Zero Dark Thirty (2012) by Kathryn Bigelow or Nothing to Report

In Zero Dark Thirty, Katryn Bigelow and her fellow screenwriter Mark Boal narrate the decade-long manhunt of Usama Bin Laden over a two-hours-and-a-half-long movie. This movie has sparkled some turmoil in the United States so far, mostly because of the way it represents torture. A few anti-torture activists and delegates have accused Bigelow and Boal of apologizing torture since it lead to the killing of Usama Bin Laden.

Having not been invited to the torture parties hosted by the CIA, I can not possibly say if torture did lead to the killing of the Cheikh. Nevertheless, I will defend Bigelow and Boal’s integrity : they probably never wanted to excuse torture. And they did not want to condemn it either. It is no use to wonder about their political orientation, theirs is the worst : they have none.

A notice at the very beginning of the movie allows you to know that this movie is drawn from « firsthand accounts ». In addition, Bigelow said repeatedly that Zero Dark Thirty was an honest depiction of the tools used by the CIA in order to find « UBL ». Boal said to French journalists : « We tried to remain neutral, and neither to exaggerate, nor to glorify nor to judge. » Boal and Bigelow maintained this statement when accused of defending a pro-torture stance. These are two filmmakers denying responsibility for what their movie shows or how it could be interpreted! Yet, when some said their movie was « inaccurate », they replied that « it is fiction » after all. So, according to the filmmakers, Zero Dark Thirty can be a part-documentary reconstitution of « firsthand accounts » or « a fiction », depending on what question they are asked. That shows enough about their honesty.

This movie feels like you are an embedded journalist team in the heart of a CIA mission. The steadicam shots and the trembling frame are used to make it even more realistic. « These are down-to-earth facts » says the camera. This aspect does not only come from Bigelow’s direction but also from Boal’s screenplay. Boal was an embedded journalist in 2004 during the Iraq War. From this experience he drew an article that became the first raw material for Bigelow’s Hurtlocker. Indeed the movie seems pretty well-documented about how the CIA managed to locate Bin Laden, though I, poor earthling, can barely judge the veracity of it. Boal and Bigelow were suspected by the Republican Party of having had access to classified CIA files about Bin Laden’s hunt. In fact the whole movie looks like a very long broadcast. The content of it is as enriching as you could expect from an average news channel: zilch!

In a conference « About television » held in 1996, french sociologist Pierre Bourdieu denounced the effects of television on thinkers, and especially on journalists. In short, not being given the proper time to analyze and explain information, the journalists and the so-called experts are only delivering truisms and conventional wisdom. Communicating an original thought would need the time to deconstruct all the clichés already existing, but using truisms allows these experts to gain a lot of time, they do not need to communicate since these ideas are already seeded into the watcher’s mind. The only thing that remains is the impression of communication, communication with no object like when you’re talking about the weather. It seems to me that these considerations perfectly fit to this movie.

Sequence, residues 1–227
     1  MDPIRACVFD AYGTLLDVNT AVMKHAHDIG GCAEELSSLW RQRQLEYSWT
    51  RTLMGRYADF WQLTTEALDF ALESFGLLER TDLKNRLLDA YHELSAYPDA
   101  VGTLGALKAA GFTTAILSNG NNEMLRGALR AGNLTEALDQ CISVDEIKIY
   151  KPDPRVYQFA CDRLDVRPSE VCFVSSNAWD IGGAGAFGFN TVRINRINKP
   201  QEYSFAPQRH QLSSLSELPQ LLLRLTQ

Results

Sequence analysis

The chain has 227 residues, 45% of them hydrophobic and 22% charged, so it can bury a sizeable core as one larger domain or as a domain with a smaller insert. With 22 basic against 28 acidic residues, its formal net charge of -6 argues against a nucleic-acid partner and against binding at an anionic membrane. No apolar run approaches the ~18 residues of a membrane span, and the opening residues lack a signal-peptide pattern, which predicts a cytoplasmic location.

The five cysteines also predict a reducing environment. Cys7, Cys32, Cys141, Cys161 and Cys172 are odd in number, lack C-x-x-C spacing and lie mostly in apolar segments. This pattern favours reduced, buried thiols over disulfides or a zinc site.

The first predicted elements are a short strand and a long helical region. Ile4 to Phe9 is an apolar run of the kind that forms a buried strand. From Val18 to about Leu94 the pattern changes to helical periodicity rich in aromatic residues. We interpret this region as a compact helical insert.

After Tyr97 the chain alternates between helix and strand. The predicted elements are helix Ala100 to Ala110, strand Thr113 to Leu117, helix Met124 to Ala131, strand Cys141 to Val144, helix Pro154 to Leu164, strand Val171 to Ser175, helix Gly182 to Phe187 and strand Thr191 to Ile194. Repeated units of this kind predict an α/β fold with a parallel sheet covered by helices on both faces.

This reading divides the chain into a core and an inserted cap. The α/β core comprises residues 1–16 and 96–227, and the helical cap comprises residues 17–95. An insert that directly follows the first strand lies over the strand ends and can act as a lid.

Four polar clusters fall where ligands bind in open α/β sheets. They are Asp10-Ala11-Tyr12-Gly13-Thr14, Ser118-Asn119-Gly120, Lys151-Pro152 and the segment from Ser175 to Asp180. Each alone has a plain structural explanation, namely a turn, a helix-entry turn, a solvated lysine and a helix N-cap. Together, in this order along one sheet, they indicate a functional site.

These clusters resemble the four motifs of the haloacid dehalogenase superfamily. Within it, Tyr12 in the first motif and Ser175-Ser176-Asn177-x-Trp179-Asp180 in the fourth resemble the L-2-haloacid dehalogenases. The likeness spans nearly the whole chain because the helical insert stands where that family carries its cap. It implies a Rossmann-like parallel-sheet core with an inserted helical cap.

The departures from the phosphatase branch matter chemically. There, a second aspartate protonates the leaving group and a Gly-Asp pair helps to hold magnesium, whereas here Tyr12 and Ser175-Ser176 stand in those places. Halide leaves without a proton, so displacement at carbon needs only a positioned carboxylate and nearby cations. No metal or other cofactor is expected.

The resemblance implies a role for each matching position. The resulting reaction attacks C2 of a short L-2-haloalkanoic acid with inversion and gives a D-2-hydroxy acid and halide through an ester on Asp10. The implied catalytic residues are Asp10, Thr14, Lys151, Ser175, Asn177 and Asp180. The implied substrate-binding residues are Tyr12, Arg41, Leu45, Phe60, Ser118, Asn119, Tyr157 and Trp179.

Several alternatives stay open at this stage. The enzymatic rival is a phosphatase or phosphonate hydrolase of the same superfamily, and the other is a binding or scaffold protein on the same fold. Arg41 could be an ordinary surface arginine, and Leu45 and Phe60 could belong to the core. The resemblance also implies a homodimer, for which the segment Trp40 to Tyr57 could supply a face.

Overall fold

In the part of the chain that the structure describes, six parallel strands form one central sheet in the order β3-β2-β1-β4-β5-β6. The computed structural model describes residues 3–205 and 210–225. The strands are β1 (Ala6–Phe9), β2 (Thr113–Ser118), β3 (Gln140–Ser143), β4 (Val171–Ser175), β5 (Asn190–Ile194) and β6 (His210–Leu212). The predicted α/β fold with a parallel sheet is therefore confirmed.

So why was this movie debated that much? Why did I take the time to think about its meaning if this movie is so obvious? How could critics lay fat moral theories about a movie that has nothing to say? And why did anti-torture activists and pro-torture assholes think this movie was on the side of their enemies? The answer, I think, is good news. People have over-interpreted the film, showing then their belief that a movie is a way of expression, that it conveys ideas, ideals, dreams and nightmares. Whether right or wrong, a movie has got to have something to say ! If the audience is used to media’s pretended objectivity, it is not to films’. Let’s hope they never get used to it.

Now, like any average media, the most interesting part about the information conveyed by Zero Dark Thirty is probably what is hidden. This is what tells you the more about who is giving you the information. What is absent here is the point of view of the enemy. This movie has an American-centered point of view. Terrorists are only bodies to torture and shadows to shoot at. Another missing thing in this film to me is a question : Why can’t we capture Bin Laden instead of killing him? This way, we could judge him. What does these two missing elements tell us about Bigelow and Boal? That they are brainwashed Marines? Wait, didn’t I just say they were just like lousy journalists? Anyway they are what Bourdieu would call « fast-thinkers », if thinkers at all.

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